BUT…although I don’t want to see Dallas necessarily win, it is my personal opinion that Jason Spezza needs a Cup the most. Everyone has a good case to make here but Speeza has been in the league for over 1000 games, over 900 career points, the playoffs too many times with nothing to show for it, and when healthy, has played his whole career turned up to 11. He was a stalwart in Ottawa and even tried to stick around long-term when they were rebuilding (the last time around). He saw star player after star player move on (for various reasons) but stayed committed to that team until Brian Murray basically forced him to all but ask to be traded. He gets vilified a lot by the Toronto media but ask any teammate he had back then (except maybe Dany Heatley but thats another story) and you will get the same answer. He loved playing in Ottawa and wanted to be a part of any rebuild that would have made them a contender. Murray saw it differently though.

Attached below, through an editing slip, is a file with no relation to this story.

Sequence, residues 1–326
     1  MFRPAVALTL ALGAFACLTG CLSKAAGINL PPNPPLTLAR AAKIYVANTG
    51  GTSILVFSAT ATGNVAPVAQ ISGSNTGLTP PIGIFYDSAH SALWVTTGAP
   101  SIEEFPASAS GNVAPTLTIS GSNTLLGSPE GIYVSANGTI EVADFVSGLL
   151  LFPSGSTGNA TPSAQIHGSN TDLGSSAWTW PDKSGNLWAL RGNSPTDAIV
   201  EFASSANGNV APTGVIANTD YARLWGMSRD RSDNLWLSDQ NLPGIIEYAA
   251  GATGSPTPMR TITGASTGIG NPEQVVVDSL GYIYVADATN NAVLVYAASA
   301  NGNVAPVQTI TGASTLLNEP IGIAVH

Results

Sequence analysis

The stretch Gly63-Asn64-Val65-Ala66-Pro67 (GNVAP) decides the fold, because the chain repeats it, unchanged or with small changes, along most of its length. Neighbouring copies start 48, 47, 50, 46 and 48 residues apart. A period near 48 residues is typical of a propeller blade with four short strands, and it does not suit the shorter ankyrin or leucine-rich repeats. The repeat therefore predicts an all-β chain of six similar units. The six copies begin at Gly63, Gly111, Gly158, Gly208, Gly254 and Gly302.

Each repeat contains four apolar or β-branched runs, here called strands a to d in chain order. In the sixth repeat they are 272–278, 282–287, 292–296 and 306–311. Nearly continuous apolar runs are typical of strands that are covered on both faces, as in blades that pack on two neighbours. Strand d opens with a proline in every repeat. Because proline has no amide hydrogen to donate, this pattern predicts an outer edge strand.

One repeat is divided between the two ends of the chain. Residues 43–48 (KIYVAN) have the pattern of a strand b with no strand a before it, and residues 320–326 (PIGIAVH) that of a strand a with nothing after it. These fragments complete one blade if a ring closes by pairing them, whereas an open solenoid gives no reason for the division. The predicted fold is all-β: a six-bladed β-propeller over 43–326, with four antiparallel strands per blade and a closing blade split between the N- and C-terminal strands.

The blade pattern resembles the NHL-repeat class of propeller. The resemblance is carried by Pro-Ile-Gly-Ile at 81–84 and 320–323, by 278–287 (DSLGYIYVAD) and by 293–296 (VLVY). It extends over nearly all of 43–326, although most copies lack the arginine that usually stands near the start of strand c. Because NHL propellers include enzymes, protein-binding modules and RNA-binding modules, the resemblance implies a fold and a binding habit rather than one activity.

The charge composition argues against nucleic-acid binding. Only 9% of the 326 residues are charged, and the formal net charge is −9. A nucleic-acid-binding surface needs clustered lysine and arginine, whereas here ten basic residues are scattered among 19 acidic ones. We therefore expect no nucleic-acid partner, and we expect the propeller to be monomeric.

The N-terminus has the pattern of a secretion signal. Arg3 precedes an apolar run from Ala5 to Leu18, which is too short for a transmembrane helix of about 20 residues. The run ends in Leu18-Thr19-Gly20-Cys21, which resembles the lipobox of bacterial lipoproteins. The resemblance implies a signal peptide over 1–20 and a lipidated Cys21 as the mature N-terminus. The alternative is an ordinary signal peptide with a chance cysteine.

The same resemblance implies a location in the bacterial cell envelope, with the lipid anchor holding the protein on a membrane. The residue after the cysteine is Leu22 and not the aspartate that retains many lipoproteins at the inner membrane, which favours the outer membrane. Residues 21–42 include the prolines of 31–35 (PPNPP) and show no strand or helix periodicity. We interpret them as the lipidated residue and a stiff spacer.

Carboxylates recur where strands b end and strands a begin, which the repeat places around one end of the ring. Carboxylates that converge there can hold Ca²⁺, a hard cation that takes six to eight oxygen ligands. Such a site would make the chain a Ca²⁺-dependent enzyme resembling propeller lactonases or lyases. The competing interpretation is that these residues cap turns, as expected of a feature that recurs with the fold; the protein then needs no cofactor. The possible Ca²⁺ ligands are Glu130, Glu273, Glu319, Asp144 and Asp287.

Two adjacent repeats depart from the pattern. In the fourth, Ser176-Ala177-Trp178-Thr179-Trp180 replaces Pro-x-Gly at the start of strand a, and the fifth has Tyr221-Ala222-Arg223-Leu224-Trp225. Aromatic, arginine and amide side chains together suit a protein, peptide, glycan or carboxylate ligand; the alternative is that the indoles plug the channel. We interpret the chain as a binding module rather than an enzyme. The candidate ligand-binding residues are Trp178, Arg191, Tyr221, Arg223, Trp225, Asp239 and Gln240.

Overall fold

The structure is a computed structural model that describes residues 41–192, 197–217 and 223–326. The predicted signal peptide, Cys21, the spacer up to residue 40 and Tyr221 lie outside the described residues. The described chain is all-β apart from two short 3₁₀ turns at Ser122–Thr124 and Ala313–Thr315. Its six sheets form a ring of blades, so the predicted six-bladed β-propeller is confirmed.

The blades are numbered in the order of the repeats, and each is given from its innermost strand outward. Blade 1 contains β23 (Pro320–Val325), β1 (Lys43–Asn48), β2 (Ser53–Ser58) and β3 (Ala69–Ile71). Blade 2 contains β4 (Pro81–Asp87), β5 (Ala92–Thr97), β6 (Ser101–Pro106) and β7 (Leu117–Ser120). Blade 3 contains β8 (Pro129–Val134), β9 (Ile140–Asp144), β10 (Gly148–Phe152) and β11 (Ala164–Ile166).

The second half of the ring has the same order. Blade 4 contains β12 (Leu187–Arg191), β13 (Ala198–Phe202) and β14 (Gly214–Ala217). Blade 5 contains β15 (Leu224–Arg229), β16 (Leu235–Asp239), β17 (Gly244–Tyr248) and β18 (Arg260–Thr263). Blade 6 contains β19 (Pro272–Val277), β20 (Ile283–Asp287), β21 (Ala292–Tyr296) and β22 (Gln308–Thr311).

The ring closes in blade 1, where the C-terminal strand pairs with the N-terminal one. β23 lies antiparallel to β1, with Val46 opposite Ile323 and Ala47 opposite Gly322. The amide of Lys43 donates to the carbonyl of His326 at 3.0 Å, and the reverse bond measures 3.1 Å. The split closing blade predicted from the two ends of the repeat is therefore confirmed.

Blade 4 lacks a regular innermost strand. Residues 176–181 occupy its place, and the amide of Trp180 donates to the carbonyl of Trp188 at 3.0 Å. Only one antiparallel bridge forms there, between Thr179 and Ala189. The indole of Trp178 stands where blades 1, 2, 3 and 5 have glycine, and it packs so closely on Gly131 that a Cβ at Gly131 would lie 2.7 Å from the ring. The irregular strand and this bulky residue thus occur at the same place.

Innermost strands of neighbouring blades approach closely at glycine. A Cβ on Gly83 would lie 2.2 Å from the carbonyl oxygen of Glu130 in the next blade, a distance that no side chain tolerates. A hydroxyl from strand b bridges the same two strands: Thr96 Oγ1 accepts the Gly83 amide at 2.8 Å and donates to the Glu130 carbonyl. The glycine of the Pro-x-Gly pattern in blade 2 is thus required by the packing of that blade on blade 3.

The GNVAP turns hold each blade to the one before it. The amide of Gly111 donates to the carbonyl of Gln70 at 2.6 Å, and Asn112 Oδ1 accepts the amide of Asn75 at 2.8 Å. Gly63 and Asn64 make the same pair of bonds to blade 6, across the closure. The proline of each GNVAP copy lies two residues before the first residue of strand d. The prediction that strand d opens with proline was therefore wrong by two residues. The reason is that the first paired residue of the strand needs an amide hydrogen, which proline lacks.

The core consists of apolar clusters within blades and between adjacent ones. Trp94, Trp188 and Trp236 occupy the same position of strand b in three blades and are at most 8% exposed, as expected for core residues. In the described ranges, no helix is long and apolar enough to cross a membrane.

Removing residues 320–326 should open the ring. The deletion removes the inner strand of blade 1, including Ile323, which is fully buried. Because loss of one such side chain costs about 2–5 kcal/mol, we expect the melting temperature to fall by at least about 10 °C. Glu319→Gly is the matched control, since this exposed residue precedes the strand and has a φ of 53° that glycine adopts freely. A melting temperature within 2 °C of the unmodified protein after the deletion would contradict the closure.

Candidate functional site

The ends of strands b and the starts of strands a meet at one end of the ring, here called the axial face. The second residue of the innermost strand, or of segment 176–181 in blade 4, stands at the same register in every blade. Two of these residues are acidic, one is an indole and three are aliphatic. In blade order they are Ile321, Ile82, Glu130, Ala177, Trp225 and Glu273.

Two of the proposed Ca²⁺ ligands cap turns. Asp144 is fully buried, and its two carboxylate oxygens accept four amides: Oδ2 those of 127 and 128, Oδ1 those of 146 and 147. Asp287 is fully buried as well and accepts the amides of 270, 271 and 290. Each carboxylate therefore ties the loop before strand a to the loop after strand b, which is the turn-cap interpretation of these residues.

Although he has taken some criticism in Dallas over the past couple seasons, he is still a leader on that team at age 35. Despite injuries, he has still averaged almost 76 games per season with the Stars and about 45 points per season. That’s not bad for a guy who is no longer fast enough to be on the top line. I think the system in Dallas was more the issue last season than it was Spezza but let’s face it, coach clashing is never a good thing, especially for the silver foxes looking for a contract extension. I don’t think Dallas is going to give him another chance next year and I’m not sure if testing free agency will yield an offer from another contender. Assuming he doesn’t continue to be a healthy scratch through the playoffs, he needs a shot to win now.

    All I can say is just pull some highlights of the Supernova line with Seguin and Benn and you’ll see the impact this guy has had.